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Performing repeated measures analysis

3691d1dba94a59d161a84382029b09c0?s=47 Graeme Hickey
October 09, 2017

Performing repeated measures analysis

Presented at the 31st EACTS Annual Meeting | Vienna 7-11 October 2017


Graeme Hickey

October 09, 2017


  1. Performing repeated measures analysis Graeme L. Hickey @graemeleehickey www.glhickey.com graeme.hickey@liverpool.ac.uk

  2. Conflicts of interest • None • Assistant Editor (Statistical Consultant)

    for EJCTS and ICVTS
  3. What are “repeated measures” data A B D A B

    D A B D “Condition”: chocolate cake “Condition”: lemon cake “Condition”: cheesecake Measurement: taste score Measurement: taste score Measurement: taste score Same people score each condition
  4. What are “repeated measures” data A B D A B

    D A B D Measurement: systolic BP Measurement: systolic BP Measurement: systolic BP Same people provide BP at every follow-up appointment
  5. Why do we need special methodology? • Data are not

    independent: repeated observations on the same individual will be more similar to each other than to observations on other individuals • Guidelines for reporting mortality and morbidity after cardiac valve interventions also propose the use of longitudinal data analysis for repeated measurement data
  6. Simplest case: 2 measurement times A B D A B

    D Measurement: AV gradient Measurement: AV gradient pre-surgery post-surgery Suitable methods: paired t-test or Wilcoxon signed-rank test
  7. What if we have treatment groups? A B D Measurement

    taken Measurement taken before treatment after treatment A B D E F H E F H Placebo Active treatment Question: if patients are randomised to treatment arms, how can we test whether active treatment is more effective than placebo?
  8. Methods: shoulder pain example Source: Vickers & Altman. BMJ. 2001;

    323: 1123–4. Placebo (n = 27) Acupuncture (n = 25) Difference between means (95% CI) P Follow-up 62.3 (17.9) 79.6 (17.1) 17.3 (7.5 to 27.1) <0.001 Change score 8.4 (14.6) 19.2 (16.1) 10.8 (.3 to 19.4) 0.014 ANCOVA 12.7 (4.1 to 21.3) 0.005 General rule-of-thumb: analysis of covariance (ANCOVA) has the highest statistical power Note: never use percentage change scores!
  9. More general scenario • We record measurements of each patient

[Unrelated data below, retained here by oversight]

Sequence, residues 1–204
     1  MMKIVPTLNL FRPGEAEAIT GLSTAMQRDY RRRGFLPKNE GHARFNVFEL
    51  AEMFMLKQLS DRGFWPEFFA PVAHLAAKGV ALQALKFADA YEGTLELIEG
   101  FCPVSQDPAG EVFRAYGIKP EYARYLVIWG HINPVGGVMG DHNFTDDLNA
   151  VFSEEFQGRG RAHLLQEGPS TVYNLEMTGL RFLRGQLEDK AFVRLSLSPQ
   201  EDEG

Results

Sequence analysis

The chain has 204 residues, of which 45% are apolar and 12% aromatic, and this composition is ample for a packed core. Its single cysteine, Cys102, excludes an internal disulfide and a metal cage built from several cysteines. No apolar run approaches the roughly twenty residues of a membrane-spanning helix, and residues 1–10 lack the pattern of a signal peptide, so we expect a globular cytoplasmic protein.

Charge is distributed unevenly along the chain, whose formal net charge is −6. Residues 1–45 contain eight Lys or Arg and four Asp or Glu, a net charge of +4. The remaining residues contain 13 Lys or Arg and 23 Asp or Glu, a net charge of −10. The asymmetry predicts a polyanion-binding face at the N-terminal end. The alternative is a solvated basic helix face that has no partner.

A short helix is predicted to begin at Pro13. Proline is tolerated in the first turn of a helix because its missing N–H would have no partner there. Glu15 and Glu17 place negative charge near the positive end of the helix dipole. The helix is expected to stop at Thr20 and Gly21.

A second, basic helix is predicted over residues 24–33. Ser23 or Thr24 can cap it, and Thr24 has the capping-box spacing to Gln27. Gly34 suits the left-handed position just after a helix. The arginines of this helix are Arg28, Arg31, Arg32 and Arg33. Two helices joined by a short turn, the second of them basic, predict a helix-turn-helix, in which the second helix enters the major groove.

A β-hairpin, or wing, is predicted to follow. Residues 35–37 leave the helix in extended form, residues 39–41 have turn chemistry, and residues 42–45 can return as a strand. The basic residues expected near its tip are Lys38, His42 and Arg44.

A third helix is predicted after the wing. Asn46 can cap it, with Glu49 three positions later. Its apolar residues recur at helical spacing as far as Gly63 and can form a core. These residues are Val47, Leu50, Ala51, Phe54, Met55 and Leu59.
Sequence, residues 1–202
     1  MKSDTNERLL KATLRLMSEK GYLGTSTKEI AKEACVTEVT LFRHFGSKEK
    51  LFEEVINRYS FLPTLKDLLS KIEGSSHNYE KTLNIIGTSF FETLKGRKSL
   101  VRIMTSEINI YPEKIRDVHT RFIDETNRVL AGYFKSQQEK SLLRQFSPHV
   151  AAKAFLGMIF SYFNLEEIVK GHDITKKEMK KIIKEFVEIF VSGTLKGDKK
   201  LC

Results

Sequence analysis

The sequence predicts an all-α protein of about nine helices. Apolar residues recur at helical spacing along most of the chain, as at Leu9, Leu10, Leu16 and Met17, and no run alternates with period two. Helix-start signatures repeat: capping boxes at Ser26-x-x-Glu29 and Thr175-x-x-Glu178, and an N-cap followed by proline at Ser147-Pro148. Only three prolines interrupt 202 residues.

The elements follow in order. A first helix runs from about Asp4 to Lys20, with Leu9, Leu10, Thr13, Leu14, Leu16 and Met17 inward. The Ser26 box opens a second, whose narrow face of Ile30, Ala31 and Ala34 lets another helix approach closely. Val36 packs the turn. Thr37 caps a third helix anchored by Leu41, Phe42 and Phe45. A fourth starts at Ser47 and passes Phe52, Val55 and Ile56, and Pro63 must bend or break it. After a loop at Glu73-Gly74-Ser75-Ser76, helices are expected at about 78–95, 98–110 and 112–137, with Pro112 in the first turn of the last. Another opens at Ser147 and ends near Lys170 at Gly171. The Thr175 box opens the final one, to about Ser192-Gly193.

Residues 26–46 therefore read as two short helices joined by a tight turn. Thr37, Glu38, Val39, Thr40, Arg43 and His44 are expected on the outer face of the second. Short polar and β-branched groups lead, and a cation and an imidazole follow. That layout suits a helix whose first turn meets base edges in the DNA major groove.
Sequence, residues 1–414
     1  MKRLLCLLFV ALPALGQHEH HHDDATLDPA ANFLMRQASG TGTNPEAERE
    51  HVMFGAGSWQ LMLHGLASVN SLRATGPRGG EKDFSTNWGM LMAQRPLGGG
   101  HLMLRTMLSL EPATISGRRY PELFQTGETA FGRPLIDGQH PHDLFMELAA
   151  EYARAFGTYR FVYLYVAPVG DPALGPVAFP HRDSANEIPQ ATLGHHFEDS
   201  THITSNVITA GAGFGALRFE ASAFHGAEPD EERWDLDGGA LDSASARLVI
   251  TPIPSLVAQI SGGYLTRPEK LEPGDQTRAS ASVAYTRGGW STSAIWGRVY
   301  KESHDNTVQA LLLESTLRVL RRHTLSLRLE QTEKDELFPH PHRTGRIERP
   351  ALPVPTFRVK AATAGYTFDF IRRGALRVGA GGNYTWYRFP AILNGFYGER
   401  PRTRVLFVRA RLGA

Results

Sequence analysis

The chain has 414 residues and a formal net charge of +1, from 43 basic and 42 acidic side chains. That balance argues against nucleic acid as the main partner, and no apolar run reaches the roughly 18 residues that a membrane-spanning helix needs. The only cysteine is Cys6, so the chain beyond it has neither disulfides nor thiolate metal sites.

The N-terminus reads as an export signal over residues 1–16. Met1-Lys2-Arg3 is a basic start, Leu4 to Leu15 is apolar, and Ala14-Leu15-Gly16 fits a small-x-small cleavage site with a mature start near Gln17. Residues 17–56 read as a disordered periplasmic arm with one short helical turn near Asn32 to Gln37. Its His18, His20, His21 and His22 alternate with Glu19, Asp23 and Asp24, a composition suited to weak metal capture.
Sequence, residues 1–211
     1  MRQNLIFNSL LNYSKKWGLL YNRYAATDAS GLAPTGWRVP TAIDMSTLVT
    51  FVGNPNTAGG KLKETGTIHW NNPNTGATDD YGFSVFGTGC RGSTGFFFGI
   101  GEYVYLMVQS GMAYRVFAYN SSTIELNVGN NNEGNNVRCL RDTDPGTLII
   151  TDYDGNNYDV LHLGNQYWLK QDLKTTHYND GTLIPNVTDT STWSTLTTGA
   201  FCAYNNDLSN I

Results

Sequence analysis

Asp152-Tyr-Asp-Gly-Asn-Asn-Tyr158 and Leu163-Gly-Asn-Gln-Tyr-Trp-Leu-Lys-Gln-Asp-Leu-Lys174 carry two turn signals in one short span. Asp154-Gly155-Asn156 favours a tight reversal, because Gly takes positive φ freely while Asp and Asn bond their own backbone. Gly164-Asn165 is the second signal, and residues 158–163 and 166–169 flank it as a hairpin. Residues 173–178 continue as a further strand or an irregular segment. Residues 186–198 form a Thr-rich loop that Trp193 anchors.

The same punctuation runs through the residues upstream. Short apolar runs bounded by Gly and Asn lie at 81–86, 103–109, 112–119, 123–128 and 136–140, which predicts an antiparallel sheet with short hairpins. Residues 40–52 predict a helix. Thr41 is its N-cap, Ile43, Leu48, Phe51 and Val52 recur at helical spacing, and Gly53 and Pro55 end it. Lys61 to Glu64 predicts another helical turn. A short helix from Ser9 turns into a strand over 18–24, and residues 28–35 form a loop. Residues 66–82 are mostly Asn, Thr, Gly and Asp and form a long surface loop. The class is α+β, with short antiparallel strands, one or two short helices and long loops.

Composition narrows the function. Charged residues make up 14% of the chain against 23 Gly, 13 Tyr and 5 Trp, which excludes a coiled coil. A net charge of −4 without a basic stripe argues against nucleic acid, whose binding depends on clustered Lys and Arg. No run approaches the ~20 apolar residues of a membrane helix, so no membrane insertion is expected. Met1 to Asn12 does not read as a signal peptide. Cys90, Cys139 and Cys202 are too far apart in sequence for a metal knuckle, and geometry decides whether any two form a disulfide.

>2 times • Two (or more treatment groups)
  10. Design considerations • Balanced versus unbalanced • Balanced follow-up (e.g.

    baseline, 1-hr, 2-hr, 8-hr, 16-hr, 24-hr) • Unbalanced (e.g. patient A visits their physician on days 1, 4, 6, 9, 12, and patient B visits only on days 5, 9, and 15) • Missing data • E.g. patient fails to attend scheduled follow-up appointment
  11. How not to proceed • Multiple testing issues • No

    account of same patients being measured ⇒ successive observations likely correlated • Visualization + reporting issues Source: Matthews et al. BMJ. 1990; 300: 230–5.
  12. Data format / collection Wide format Subject Jan 01 Aug

    30 Dec 08 A 120 113 115 B 94 94 110 C 140 145 160 D 100 101 100 Long format Subject Date BP (mmHg) A Jan 01 120 A Aug 30 113 A Dec 08 115 B Jan 01 94 B Aug 30 94 B Dec 08 110 ⠇ ⠇ ⠇ D Aug 30 101 D Dec 08 100 Good for balanced datasets Good for unbalanced datasets
  13. First step (always!): visualize the data Source: Gueorguieva & Krystal.

    Arch Gen Psychiatry. 2004; 61: 310–317. Mean profile plot Source: Matthews et al. BMJ. 1990; 300: 230–5. Individual panel plots Individual plots grouped by treatment
  14. Analysis options • Repeated measures analysis of variance (RM-ANOVA) •

    Linear mixed models (LMMs) • Summary statistics / data-reduction techniques • Multivariate analysis of variance (MANOVA) • Generalized least squares (GLS) • Generalized estimating equations • Non-linear mixed effects models • Empirical Bayes methods • …